Environmental and animal rights campaigners have called on local authorities to divest money in their pension funds from factory farming.
Research by the campaign groups Feedback and World Animal Protection has revealed that UK local authority pension funds hold £238m of investments in industrial livestock companies.
These investments are concentrated in 10 local authority pension funds, which hold industrial livestock investments worth £110.6m, with the top investors being West Midlands (£35.9m), Swansea (£12.4m), Strathclyde (£10.3m), Clwyd (£10.3m) and South Yorkshire (£8.9m).
Local authority pension funds were also found to hold £54m investments in large soya producer and trader ADM. Soy production in South America is a key driver of deforestation, and the single largest use for soy is in animal feed, particularly industrial-scale meat production.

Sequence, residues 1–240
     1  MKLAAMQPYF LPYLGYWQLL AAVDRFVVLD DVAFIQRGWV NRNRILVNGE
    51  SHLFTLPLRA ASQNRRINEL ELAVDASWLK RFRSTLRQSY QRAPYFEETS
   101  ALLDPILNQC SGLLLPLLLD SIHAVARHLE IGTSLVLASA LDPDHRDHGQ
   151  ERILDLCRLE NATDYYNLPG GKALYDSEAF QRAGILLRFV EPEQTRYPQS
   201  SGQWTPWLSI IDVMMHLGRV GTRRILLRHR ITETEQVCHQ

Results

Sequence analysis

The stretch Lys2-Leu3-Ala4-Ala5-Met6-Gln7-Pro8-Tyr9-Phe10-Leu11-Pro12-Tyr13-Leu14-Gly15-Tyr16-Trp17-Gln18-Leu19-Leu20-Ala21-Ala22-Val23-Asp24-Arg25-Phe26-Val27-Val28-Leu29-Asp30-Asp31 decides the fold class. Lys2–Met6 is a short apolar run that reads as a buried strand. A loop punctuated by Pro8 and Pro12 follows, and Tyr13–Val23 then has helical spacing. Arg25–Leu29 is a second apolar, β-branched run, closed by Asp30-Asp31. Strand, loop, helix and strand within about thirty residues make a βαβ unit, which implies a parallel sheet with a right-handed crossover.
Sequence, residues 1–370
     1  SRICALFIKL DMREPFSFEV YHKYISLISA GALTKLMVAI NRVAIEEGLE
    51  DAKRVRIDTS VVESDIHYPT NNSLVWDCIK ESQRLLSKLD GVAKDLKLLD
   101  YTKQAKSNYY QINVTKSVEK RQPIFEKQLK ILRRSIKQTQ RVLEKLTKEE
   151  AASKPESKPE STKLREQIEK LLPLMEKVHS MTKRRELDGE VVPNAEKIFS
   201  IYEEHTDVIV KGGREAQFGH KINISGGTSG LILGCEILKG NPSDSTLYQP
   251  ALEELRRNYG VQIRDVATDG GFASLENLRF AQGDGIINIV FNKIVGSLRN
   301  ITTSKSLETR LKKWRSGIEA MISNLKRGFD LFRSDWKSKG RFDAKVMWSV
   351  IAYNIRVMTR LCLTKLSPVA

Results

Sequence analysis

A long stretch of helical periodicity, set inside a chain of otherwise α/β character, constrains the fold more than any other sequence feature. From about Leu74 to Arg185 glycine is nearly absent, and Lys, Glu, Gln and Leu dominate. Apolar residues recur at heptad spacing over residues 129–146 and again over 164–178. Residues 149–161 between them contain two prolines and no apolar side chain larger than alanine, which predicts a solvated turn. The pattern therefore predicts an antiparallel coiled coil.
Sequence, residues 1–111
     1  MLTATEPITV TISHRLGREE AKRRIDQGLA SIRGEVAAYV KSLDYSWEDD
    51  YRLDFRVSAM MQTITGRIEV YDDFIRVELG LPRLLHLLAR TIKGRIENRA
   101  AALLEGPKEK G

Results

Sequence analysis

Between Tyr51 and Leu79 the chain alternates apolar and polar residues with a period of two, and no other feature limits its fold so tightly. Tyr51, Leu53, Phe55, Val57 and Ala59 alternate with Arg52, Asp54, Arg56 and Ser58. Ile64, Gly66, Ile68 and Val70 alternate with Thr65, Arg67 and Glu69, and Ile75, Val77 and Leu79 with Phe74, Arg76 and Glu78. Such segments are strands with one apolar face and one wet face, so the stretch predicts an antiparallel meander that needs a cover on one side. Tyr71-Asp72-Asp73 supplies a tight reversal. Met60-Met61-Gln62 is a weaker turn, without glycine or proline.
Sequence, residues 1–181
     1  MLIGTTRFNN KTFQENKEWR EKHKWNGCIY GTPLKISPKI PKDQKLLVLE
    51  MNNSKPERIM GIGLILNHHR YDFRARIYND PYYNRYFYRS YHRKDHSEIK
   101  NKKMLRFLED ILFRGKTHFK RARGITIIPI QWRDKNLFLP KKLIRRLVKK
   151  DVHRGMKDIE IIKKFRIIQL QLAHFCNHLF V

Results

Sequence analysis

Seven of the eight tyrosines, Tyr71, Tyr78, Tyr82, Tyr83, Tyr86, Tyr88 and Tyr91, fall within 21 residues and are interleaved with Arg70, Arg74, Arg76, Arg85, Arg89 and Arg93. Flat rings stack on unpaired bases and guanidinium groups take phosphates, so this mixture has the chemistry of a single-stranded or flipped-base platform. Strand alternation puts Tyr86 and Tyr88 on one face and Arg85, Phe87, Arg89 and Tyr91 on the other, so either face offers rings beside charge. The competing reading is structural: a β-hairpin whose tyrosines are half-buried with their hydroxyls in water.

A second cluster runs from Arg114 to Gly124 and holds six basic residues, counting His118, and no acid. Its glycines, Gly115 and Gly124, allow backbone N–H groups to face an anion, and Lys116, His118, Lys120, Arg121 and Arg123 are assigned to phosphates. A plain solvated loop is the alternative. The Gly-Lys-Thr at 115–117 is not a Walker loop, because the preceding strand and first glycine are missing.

Feedback and World Animal Protection argued that there was a contradiction between local authorities declaring climate emergencies and investing in practices that contribute to climate change.
‘Local Authorities invest your tax money into pension funds on behalf of nearly 7 million people in the UK. But it’s not just financial security people need when they retire, they also need a world safe from climate change, deforestation, pandemics and animal cruelty,’ they said.
‘Recently many local authorities have agreed to divest money in pension funds from fossil fuels, a well-known driver of climate change, but factory farming is also responsible for deforestation, human rights violations, pollution, pandemic risks and industrial-scale animal cruelty and until now these have been overlooked.’